64 Mega Litres (ML). The development will utilise approximately 1.003 ML/day.
       Sanitation: Dr. JS Moroka indicated that the existing Waste Water Treatment Works
        (WWTW) situated to the north of the proposed development has a capacity of
        10ML/day and is currently operating at between 8 and 9 ML/day. The WWTW therefore
        has capacity to provide services the proposed development. The existing stands at
        Siyawuswa Industrial are already being serviced by the WWTW and the total demand
        takes the existing stands into account.
       Electricity: The development will link onto the existing municipal electricity supply
        network.
                                                                                                   24
 Waste removal: The construction waste will be removed to licensed landfill sites
  accepting such kinds of wastes. During the operational phase household waste, will be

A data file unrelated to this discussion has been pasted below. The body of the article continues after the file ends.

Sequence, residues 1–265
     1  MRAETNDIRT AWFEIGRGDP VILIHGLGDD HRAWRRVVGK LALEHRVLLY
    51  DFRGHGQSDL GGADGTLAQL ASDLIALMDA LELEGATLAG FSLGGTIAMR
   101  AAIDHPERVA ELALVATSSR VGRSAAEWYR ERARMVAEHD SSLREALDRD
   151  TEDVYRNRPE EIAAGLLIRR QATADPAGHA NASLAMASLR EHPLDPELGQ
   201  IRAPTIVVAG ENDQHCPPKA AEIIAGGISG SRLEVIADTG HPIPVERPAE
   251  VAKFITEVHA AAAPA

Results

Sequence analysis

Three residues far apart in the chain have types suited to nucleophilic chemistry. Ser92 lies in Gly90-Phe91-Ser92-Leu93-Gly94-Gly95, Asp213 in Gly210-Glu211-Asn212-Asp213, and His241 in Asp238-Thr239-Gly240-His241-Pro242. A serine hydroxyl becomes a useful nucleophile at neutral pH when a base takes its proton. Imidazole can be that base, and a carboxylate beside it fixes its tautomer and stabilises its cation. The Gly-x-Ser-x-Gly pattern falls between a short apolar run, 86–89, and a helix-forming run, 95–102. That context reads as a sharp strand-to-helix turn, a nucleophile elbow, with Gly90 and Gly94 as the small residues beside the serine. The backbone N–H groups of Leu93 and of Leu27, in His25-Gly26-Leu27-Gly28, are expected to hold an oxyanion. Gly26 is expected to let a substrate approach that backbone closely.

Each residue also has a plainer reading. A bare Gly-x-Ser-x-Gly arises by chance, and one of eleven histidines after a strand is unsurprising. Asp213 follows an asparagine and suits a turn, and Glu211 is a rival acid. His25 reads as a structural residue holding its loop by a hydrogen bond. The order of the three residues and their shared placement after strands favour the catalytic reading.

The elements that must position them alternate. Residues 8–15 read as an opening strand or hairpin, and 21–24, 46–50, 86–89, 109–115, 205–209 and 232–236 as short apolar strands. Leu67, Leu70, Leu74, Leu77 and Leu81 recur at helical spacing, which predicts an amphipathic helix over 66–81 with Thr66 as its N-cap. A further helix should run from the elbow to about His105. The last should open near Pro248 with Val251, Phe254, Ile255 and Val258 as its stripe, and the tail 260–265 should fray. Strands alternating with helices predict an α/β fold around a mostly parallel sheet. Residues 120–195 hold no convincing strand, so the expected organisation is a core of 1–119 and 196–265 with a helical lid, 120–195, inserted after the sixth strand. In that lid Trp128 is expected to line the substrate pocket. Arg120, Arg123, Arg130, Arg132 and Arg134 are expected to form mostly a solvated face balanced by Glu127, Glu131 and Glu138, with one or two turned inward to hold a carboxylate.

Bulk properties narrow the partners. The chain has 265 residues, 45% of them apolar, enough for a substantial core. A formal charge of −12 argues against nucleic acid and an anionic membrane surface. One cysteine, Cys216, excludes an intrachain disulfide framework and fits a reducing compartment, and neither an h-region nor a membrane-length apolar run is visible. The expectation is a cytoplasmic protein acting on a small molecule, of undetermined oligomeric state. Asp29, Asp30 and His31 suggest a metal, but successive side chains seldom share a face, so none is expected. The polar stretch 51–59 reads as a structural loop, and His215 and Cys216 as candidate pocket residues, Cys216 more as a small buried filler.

absorbed by the municipal waste stream. In a letter dated 13 February 2017 and 9
  March 2017, the Dr. J.S Moroka Local Municipality was asked to confirm the capacity of
  the nearest landfill site, to date no feedback was received.

                                                                                     25
3 LEGISLATIVE AND POLICY CONTEXT

This section aims to address the following requirements of the regulations:

Appendix 3. (3) An EIR (...) must include-
(e) a description of the policy and legislative context within which the development is located
and an explanation of how the proposed development complies with and responds to the
legislation and policy context.

3.1       INTRODUCTION

Environmental decision making with regards to township establishments is based on numerous
policy and legislative documents. These documents inform decisions on project level
environmental authorisations issued by the Mpumalanga Department Agriculture, Rural
Development, Land and Environmental Affairs (DARLEA) as well as comments from local and
district authorities. Moreover, it is significant to note that they also inform strategic decision